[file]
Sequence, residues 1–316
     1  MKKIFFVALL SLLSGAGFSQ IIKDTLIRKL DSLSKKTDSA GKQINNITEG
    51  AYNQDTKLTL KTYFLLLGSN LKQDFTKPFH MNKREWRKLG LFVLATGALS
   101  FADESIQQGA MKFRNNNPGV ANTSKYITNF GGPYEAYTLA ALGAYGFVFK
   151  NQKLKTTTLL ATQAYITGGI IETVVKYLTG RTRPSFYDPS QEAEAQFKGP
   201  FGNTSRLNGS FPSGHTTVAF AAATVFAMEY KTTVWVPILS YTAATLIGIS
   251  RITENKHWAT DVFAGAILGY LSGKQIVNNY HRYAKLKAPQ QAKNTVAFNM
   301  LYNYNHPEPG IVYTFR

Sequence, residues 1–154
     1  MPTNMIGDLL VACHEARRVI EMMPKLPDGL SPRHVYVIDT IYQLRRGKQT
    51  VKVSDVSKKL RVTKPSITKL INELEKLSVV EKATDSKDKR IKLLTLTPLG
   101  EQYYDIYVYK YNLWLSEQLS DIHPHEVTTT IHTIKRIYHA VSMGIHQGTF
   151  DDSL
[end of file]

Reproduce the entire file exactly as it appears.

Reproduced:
Sequence, residues 1–316
     1  MKKIFFVALL SLLSGAGFSQ IIKDTLIRKL DSLSKKTDSA GKQINNITEG
    51  AYNQDTKLTL KTYFLLLGSN LKQDFTKPFH MNKREWRKLG LFVLATGALS
   101  FADESIQQGA MKFRNNNPGV ANTSKYITNF GGPYEAYTLA ALGAYGFVFK
   151  NQKLKTTTLL ATQAYITGGI IETVVKYLTG RTRPSFYDPS QEAEAQFKGP
   201  FGNTSRLNGS FPSGHTTVAF AAATVFAMEY KTTVWVPILS YTAATLIGIS
   251  RITENKHWAT DVFAGAILGY LSGKQIVNNY HRYAKLKAPQ QAKNTVAFNM
   301  LYNYNHPEPG IVYTFR

Sequence, residues 1–154
     1  MPTNMIGDLL VACHEARRVI EMMPKLPDGL SPRHVYVIDT IYQLRRGKQT
    51  VKVSDVSKKL RVTKPSITKL INELEKLSVV EKATDSKDKR IKLLTLTPLG
   101  EQYYDIYVYK YNLWLSEQLS DIHPHEVTTT IHTIKRIYHA VSMGIHQGTF
   151  DDSL